Beating Up on North Korea
China is the target. North Korea is the punching bag.
by Stephen Lendman
On February 11, Pyongyang informed Washington and China of its intentions. February 12 headlines explained.
They said North Korea conducted its third nuclear test. Russia's Defense Ministry estimated a blast exceeding seven kilotons.
The Comprehensive Nuclear-Test-Ban Treaty Organization (CTBTO) measured the yield at twice North Korea's 2009 test.
Condemnation followed. New sanctions were threatened. More on that below.
Pyongyang's KCNA news service announced the test. It said it used a "miniatured, lighter nuclear device with greater explosive force than previously." It claimed the test "did not pose any negative impact on the surrounding environment."
In response to Western hostility, unspecified "second and third measures" may follow. North Korean diplomat Jon Yong Ryong said his country "will never bow down to any resolution."
Atmospheric tests reflect madness. Underground effects depend on depth and explosive yield. Little information on North Korea's is available. Satellite images and spy planes detected radiation fallout.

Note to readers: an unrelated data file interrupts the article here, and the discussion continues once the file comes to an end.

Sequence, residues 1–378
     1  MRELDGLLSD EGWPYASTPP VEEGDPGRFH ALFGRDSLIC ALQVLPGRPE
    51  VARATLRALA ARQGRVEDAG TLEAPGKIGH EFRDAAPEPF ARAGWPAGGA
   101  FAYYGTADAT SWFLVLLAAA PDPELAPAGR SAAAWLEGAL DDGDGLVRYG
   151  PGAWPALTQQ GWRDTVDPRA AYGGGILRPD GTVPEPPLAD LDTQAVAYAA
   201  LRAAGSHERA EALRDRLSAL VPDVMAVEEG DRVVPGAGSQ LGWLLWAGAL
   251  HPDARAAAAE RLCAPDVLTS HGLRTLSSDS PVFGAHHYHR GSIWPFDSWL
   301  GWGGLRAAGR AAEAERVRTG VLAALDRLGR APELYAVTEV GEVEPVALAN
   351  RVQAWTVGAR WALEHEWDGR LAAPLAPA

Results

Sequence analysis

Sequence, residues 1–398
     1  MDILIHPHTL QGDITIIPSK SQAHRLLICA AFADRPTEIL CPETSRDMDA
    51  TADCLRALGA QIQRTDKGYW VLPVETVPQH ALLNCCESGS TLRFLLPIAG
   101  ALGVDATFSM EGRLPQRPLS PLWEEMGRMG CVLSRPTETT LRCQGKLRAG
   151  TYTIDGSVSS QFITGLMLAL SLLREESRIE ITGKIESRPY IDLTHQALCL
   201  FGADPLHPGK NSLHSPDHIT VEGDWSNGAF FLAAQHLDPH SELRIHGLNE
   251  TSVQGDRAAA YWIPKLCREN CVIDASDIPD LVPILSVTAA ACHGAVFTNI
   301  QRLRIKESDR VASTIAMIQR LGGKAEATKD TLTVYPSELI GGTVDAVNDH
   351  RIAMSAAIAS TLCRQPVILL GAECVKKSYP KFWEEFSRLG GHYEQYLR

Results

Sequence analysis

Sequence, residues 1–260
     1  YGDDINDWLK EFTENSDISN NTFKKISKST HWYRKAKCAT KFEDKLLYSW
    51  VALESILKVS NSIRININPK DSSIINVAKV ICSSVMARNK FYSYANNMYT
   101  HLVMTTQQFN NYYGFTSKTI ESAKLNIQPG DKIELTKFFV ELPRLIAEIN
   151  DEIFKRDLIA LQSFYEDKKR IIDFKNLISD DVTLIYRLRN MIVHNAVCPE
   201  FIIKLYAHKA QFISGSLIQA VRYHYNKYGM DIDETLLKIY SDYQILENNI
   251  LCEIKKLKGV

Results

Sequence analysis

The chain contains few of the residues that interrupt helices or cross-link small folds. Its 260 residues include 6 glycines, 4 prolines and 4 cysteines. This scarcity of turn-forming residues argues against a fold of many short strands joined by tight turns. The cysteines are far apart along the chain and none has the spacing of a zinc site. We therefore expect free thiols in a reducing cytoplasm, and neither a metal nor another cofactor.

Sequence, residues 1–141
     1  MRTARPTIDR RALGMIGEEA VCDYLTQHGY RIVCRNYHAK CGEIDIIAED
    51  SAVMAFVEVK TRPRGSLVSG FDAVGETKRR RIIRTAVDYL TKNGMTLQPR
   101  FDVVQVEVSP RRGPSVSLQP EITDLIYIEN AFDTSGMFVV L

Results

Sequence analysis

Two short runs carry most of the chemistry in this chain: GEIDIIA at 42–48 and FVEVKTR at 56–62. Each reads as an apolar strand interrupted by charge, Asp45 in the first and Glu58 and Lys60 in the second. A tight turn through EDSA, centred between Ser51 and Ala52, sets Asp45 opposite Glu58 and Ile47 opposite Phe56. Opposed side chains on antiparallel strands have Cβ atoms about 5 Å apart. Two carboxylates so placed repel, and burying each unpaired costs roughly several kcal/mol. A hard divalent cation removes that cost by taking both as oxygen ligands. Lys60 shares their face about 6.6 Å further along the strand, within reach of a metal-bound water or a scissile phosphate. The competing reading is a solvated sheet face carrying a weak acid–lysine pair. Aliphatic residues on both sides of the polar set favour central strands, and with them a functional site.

Nuclear power and testing in all forms are dangerous. It's not the answer, says Helen Caldicott. Escaping its harmful effects is impossible.
Commercial and military use discharge hundreds of thousands of deadly radioactive gas curies and other radioactive elements into the environment annually.
Doing so poses enormous health risks. Payback's in the form of epidemic cancer levels.
Public health expert Samuel Epstein explained. The verdict on decades of nuclear power use is in, he says. It "causes cancer." Claiming otherwise is willful deception.
Washington targets North Korea for geopolitical reasons. Enemies are needed. When none exist they're created. The Democratic People's Republic of Korea (DPRK) is Exhibit A.